London Irish Play Festival 2016

Our first  London Irish Play festival ran took place in  2016. We staged six new plays across four venues :

Bread and Roses, Clapham
The Lion and Unicorn Theatre , Kentish Town
The Colour House Theatre, Colliers Wood
West London Trades Union Club, Acton

The six plays listed below had been written to show how the 1916 Easter Rising and the events following it had impacted on the lives of Irish people living in London.

Traitors, Cads and Cowards by Martin McNamara

Wandsworth Prison, South London 1916. 

Following the Easter Rising, an Irish volunteer is sent to Wandsworth Prison and bunked with a British army deserter and a conscientious objector. Can three very different ‘traitors to the King’ find common ground?

Crows by day, Jackals by Night by Maureen Alcorn

Kilburn, London NW and Burma 1942- 45

Donegal man Tommy couldn’t wait to join the British army to fight Nazi fascism. But can his high ideals survive service in the Far East? And how will his young Irish wife in London cope with separation?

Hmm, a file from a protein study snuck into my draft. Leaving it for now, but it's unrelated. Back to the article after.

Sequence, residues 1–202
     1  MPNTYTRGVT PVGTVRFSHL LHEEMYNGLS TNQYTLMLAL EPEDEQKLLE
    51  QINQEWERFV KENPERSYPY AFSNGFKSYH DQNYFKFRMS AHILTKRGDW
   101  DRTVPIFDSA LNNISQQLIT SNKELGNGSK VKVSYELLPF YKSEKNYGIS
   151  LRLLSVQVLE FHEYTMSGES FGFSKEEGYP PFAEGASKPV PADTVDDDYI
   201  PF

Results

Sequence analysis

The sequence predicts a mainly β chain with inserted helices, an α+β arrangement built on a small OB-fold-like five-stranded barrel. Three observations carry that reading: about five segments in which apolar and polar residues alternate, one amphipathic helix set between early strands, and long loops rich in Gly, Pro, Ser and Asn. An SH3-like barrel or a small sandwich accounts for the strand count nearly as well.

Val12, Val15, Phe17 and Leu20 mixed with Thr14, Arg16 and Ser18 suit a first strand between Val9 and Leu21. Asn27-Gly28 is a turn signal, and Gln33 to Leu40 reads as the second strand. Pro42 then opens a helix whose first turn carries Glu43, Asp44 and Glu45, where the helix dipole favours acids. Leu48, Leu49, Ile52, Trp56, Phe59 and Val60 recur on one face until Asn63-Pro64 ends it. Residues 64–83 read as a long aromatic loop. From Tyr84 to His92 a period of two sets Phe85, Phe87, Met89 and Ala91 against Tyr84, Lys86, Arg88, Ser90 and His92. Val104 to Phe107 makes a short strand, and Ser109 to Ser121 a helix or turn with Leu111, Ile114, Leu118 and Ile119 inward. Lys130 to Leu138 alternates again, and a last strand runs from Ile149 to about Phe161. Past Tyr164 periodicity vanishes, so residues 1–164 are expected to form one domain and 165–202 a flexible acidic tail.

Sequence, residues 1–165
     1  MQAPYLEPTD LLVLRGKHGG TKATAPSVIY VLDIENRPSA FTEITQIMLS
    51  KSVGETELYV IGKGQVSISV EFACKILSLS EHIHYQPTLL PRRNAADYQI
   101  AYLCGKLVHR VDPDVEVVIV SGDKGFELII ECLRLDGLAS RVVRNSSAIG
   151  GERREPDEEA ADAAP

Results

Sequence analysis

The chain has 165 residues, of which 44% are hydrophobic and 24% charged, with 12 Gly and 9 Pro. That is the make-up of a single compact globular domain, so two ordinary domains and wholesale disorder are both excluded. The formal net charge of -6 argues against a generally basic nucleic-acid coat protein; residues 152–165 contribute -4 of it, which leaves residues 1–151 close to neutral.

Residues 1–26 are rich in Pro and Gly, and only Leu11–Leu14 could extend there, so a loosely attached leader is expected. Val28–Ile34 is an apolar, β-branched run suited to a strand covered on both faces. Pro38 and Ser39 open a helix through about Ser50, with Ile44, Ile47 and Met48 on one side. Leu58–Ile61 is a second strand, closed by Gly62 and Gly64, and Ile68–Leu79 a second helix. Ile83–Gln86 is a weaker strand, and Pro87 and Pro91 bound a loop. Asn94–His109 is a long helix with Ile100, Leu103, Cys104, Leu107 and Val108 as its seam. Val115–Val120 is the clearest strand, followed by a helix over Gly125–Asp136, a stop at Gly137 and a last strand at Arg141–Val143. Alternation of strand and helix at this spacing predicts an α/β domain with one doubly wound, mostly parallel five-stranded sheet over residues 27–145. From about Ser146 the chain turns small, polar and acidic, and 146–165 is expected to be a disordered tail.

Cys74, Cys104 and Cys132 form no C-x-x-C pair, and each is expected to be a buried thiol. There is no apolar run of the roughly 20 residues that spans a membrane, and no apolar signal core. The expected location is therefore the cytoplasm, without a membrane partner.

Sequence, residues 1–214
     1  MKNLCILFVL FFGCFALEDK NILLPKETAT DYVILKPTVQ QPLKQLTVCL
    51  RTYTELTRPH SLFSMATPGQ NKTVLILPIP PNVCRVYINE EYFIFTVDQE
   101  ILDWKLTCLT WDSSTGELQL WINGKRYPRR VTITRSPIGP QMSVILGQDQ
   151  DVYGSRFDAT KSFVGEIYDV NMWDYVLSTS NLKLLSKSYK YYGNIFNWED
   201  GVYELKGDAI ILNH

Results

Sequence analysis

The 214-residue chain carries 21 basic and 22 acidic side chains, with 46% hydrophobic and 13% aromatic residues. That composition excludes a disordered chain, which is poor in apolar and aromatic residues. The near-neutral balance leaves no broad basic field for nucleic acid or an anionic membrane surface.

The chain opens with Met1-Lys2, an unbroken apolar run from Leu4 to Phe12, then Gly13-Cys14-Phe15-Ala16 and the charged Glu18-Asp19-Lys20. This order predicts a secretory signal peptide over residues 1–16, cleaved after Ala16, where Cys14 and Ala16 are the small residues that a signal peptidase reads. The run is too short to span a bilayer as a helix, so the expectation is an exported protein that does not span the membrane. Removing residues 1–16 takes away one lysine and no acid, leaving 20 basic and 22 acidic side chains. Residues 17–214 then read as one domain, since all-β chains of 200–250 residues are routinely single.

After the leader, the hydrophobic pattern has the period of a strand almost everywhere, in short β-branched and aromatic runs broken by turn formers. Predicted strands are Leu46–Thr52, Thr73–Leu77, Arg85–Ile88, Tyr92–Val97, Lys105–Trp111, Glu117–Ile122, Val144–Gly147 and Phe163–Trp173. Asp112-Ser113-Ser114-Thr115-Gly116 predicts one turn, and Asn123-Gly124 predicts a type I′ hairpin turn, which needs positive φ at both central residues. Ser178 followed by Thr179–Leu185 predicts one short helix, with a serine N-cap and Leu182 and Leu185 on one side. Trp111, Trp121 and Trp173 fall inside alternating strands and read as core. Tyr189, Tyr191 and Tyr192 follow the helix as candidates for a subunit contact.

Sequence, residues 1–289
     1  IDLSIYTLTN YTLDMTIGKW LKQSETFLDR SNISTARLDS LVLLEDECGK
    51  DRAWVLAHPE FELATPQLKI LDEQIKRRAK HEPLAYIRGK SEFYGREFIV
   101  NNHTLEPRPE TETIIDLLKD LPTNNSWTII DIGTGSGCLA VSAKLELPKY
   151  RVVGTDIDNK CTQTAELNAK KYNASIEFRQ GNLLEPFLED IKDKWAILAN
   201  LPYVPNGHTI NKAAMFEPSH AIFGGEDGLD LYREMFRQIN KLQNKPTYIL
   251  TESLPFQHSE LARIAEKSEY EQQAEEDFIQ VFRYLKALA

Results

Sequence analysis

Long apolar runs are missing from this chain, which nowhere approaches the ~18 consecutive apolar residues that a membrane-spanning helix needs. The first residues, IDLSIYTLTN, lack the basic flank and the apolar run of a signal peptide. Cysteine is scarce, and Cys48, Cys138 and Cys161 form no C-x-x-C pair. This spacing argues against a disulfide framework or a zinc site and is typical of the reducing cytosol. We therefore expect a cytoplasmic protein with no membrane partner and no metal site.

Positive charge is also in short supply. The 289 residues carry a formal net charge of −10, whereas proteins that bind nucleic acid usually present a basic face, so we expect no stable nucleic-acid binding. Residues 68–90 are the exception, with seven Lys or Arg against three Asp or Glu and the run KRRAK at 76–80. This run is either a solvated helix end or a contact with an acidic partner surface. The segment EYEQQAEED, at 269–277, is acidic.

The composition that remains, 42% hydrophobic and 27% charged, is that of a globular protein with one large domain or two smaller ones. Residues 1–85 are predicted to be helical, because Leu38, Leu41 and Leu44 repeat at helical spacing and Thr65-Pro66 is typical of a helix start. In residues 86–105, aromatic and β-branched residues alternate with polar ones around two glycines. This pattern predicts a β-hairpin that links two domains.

Body and Blood by Lorraine Mullaney

1956 Archway, North London

Aileen comes to London in 1956 looking for her sister, Maeve, who has run away from home to escape an arranged marriage to a man “with a face like The Turin Shroud”. Will Aileen find Maeve? And will she want to go back to Ireland herself once she’s tasted the freedom that London has to offer?

Just Above Dogs by Anne Curtis

Kilburn 1971 and today

Brothers Mikey and Dec arrived in 1970s Camden looking of a start in the building trade. Forty years on they are estranged: one brother lives in a hostel for the homeless, the other is a wealthy building contractor. What happened in the intervening years?

The Importance of Being by Anne Curtis

Orla and Colette with pram
Catford 2006

Until two years ago Maeve Dennehy’s garden was the best kept on the estate, now volunteer be-friender Dawn must climb across junk and piles of newspapers to enter the flat. What happened to cause this change

Women’s’ Lives by Anna Mae Mangan

Wembley 1916

Nora, 80, has forgotten that she’s Irishher 25 year old granddaughter Eilis was born in London but think she’s Irish, and stuck in the middle is Moya. How will these three generations of women survive the Easter weekend together?